It would be another year before I would buy a bike. I continued to research and now, go out and ride the bikes that I was interested in. Unfortunately, most of the dealers won’t let you test ride the bikes. The exceptions? All Harley Davidson dealers. I test rode several bikes and concluded that unless I got one with forward controls, a Sporster would be too small. The Suzuki Boulevard S40 was actually much smaller than the Sportster in spite of having the same wheelbase. This is because it has a much greater rake angle to the forks, which makes it resemble a mini-Wide Glide. The comparison tests I was reading were consistently putting Harleys ahead of most of their competition as well, particularly in the areas that interested me, speed not being among them. By this point, the other bike that had drawn my interest was the Kawasaki Vulcan 900, but without being able to ride one first, buying it wasn’t happening. Also, I was trying to stick with an air cooled engine for simplicity’s sake.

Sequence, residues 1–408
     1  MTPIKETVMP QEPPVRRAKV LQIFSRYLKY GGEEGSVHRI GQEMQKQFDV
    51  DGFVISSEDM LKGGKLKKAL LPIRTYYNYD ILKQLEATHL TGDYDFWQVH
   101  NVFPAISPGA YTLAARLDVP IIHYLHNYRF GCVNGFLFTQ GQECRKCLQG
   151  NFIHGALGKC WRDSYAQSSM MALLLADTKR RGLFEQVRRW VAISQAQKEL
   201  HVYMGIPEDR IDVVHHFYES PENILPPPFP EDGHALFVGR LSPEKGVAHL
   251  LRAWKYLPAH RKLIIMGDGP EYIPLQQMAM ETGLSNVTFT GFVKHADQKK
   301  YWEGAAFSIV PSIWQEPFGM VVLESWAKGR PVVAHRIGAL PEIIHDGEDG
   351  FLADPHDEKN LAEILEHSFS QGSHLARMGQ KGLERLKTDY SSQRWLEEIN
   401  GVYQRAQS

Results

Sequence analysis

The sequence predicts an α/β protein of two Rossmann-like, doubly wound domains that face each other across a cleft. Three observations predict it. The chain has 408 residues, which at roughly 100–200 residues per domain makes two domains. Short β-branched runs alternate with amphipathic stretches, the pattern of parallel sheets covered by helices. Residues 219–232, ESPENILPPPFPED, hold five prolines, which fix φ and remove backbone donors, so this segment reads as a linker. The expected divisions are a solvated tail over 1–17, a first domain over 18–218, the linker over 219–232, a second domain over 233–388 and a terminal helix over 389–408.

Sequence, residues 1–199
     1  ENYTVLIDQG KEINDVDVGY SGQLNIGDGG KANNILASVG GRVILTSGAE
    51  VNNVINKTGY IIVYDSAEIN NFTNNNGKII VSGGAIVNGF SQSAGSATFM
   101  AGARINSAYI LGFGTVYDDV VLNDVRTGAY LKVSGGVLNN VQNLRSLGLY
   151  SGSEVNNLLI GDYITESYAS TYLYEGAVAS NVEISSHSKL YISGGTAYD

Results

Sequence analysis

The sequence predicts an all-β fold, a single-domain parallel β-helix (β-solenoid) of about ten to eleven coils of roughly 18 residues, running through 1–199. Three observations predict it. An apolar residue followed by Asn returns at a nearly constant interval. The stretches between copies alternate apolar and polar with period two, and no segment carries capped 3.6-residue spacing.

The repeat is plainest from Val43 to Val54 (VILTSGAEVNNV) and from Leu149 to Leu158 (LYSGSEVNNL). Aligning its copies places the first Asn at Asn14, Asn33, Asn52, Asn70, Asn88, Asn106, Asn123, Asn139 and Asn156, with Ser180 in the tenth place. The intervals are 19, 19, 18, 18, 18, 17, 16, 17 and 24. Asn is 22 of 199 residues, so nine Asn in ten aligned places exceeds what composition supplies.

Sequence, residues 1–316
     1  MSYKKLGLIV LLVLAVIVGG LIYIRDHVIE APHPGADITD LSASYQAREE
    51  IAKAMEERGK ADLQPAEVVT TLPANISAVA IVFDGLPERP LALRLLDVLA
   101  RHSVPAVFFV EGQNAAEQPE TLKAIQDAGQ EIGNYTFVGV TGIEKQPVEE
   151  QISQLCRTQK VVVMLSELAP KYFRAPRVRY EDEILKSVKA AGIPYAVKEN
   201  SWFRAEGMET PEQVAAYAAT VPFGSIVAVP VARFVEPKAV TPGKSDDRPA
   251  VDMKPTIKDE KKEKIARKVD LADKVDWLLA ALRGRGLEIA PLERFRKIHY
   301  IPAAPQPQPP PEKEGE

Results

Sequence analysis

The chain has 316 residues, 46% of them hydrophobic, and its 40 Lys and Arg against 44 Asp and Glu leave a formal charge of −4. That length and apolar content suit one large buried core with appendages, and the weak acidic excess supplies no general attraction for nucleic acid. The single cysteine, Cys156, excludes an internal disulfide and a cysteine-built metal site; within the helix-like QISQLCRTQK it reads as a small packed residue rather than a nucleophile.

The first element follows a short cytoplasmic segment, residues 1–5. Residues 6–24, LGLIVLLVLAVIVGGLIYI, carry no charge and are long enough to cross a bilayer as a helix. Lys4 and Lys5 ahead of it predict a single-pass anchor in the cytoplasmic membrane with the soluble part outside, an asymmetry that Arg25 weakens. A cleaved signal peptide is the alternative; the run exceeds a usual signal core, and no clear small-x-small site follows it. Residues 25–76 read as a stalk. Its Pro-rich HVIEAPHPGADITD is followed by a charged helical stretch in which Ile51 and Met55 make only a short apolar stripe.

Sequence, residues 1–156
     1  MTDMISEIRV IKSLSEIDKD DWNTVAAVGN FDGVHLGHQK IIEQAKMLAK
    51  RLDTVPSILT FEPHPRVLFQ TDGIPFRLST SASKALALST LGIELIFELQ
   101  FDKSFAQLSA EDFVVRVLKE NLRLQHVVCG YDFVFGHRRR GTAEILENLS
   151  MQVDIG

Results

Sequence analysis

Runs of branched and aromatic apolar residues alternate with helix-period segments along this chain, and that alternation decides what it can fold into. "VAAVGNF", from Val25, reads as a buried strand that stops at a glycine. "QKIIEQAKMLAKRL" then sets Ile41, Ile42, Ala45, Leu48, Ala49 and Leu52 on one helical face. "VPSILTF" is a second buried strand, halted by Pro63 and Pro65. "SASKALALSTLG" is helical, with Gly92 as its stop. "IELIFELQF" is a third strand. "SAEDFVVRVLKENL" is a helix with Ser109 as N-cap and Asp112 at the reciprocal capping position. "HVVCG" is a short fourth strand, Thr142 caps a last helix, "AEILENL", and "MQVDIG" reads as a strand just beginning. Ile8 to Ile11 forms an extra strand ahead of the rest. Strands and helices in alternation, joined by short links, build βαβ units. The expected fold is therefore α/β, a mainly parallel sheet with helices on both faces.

By the end of 2012, I was in a new relationship and thankfully, with another lady named Lynda who was very encouraging of my intent to ride. We went to the bike show in January with my younger son and I got to at least sit on a good number of bikes. At this point, I was coming to the conclusion that I would need a larger bike due to my height. At 6’4” with a 36” inseam, many of the bikes that initially interested me as a new rider were simply too small for me to comfortably ride. By April of 2012, I still hadn’t found a bike and had ridden less than a full hour since taking the class. But that changed on April 19th.
On April 19th, I looked at a used 1996 Harley Davidson FXD Super Glide at Battley Cycles. Sam Yang, the salesman who had been patiently answering my questions for over a year, had informed me of this bike. It was in near mint condition. It looked almost like it had just rolled out of the factory. Only the faded leather bags gave away that it wasn’t brand new. The test drive was my first ride in several months, but I was immediately comfortable on the bike. I was initially concerned that a 1340cc engine would be too much, but its power delivery was very well modulated. It never gave too much and power built slowly and progressively. Handling was very predictable and the ride was nicer than any of the Sportsters. It had a windshield, saddle bags and a tool bag. I went back on Saturday to finalize the purchase. It was at this point that I began regularly keeping my riding journal.
Rock hard, ride free!
Rock hard, ride free!